The two met via Facebook, and the first time Decker had a chance to spend one-on-one time with her, Brown was doing a session at Chez Boom in her pajamas. “When I met her for the first time, I was blown away by how fast she was on the computer,” he says. “I would venture to say she’s the fastest audio engineer in Austin, if not nationwide. Plus, her wit is quick. What makes her great is she’s thinking about the experience the client is having. That drive matched to that empathy, that combination is unique.”
Perhaps it’s unique, but not always appreciated. Brown is a rare entity. She says she has only met one other female audio engineer in her time. And she is, on occasion, confronted with clients or colleagues who can’t or won’t concede that a woman can know her way around an audio console.
“It’s just a very male-dominated field,” she says with a shrug. “The stereotype is men with long hair smoking pot and wearing torn jeans, and that’s the engineer type. And I’m not that, and proudly not that. One time, I patched to somebody and I said, ‘Hello, this is Austin. How’s it going?’ And they said, ‘Going well. I’d like to talk to the engineer.’ ”
Brown told the other party that, well, she was indeed the engineer. There was a certain exasperation on the other end of the line.
“No, I’d like to talk to the person running the session,” the caller said.
“Um, that would be me,” Brown reasserted.
Exasperation yielded to that patronizing tone that women just can’t get enough of: “Sweetie, do I need to walk you through how to do this?” “By the end of the session, he was falling all over himself,” Brown says. “He realized I knew what I was doing.”
One name-brand actor (“a famous guy” is all she’ll say) simply refused to look Brown in the eye at all or address her directly.
“After the first day, I told my assistant, ‘He’s your job from now on,’ ” she says. “I can’t deal with this amount of rudeness. It just hurts.”
That, she acknowledges, was an extreme example. Pacino, on the other hand, who was in town to do ADR for his movie Danny Collins, was, by Brown’s account, a pro and a gent.
“People here were freaking out,” she says of when Pacino walked through the door. “But he was wonderful. Afterwards, I said, ‘This is totally unprofessional, but do you mind taking a picture? It’s an honor to have you here.’ And he said, ‘It’s an honor to work with someone so good at their job.’ That was nice.”
Brown gained her expertise from the ground up. She’s the daughter of Austin multi-instrumental stalwart Danny Levin, who has played for decades in town with everyone from Asleep at the Wheel to Dale Watson, Eliza Gilkyson, Bob Schneider and many more. Levin home-schooled Brown, her brother and sister (who plays for the Houston Symphony), and Brown grew up as a studio brat, hanging around her father’s sessions. Though she learned piano, she loathed the idea of performing herself.
She began to intern at Tequila Mockingbird and attend the University of Texas at the tender age of 15, and she developed an early affinity for the emerging digital technology of recording.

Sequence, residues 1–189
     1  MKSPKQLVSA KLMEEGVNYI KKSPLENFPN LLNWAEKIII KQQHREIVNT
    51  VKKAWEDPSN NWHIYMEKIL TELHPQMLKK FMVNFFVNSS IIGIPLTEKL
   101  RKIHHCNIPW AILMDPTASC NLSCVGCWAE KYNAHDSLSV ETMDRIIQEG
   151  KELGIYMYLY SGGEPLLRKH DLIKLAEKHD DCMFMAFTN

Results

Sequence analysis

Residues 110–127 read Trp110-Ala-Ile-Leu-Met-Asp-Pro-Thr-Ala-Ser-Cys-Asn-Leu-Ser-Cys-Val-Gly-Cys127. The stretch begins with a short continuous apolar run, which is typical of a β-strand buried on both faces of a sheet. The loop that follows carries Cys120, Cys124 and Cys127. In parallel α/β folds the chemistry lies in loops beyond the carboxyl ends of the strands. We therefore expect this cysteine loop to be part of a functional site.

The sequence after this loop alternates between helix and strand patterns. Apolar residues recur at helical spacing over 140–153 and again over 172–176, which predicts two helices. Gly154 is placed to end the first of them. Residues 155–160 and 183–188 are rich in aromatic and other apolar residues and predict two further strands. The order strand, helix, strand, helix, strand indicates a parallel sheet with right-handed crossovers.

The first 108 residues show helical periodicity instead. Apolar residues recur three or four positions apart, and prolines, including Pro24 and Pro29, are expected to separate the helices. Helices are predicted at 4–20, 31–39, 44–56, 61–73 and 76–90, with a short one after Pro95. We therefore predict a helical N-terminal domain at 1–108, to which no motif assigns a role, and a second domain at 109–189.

“Pro Tools [the industry-standard digital audio workstation]had just come out,” she recalls. She and Levin sat together in the studio and puzzled out how the new software worked. “It was bonding for us. It was fun.”
Brown took to it intuitively in the way kids absorb new technology, and she saw a way to indulge her musical instincts without having to go onstage.
Brown worked as an intern or assistant in any studio that would have her, making connections and learning all the while. The old-school engineers and recording artists began to turn to her.
“They’d say, ‘We have this Pro Tools thing. Do you know how to work it?’ Dad’s friends would say, ‘I’ll pay you $100 to come teach me.’ It became my little trick that I could use this thing,” Brown says.
A couple years later, when she was 17, Director Robert Rodriguez set up a fledgling ADR operation at Tequila Mockingbird, and Brown got on board.
“His people showed me how to set up a session and do ADR,” she told a reporter for an audio blog. “He referred other people to me, and that’s how I got into post-production.”
Brown eventually got her college degree—in philosophy, no less.
She recounts one session recording Matthew McConaughey for a commercial, a Don’t Mess With Texas spot.
“I remember saying, ‘I am so sorry, guys, but I have an ethics class in 15 minutes, so I’m going to run to UT and be right back.’ For the rest of the session,” she says, “Matthew would say, ‘All right, Shay. What would Nietzsche say about that take? What would Plato think of our commercial?’ ”
Now, after 20 years in the business, banter with the stars has become second nature. Brown is more focused on growing her business, cramming as much family life as she can manage into every day, pursuing yoga. (She has been a devout practitioner of the Mysore style of Ashtanga yoga for 15 years. “It helps me quiet my mind and prep for the day,” she says.) And she wants to mentor and encourage young girls to join her in the industry.
“Occasionally, there’s a group of high-school students that come through on a field trip and I’ll single out the girls,” Brown says. “ ‘Hey, look around. We need more women in this industry. We need you to step up!’ ”
Cut to a gorgeous afternoon in mid-February. Brown is at her console, clad all in black, waiting for a young actor named Matthew Rudd. Rudd is coming in to dub a fragment of dialogue, literally one line (“Nobody controls the digital space!”) for the TV series American Crime.
Brown welcomes him in, sets him up in the studio and begins to do her digital thing with a post-production coordinator in Los Angeles. Rudd knocks out a dozen quick takes with varying degrees of emphasis. It takes just a few minutes and the process appears seamless to an observer. Like her husband noted, Brown is very quick indeed. Rudd hardly has time to finish his Diet Dr Pepper.
“All good. I think you’re done,” says someone on the line from Los Angeles. “Wow,” Rudd says with a smile. “Let me catch my breath.”
Daniel Craig, Shayna Brown is waiting for your call.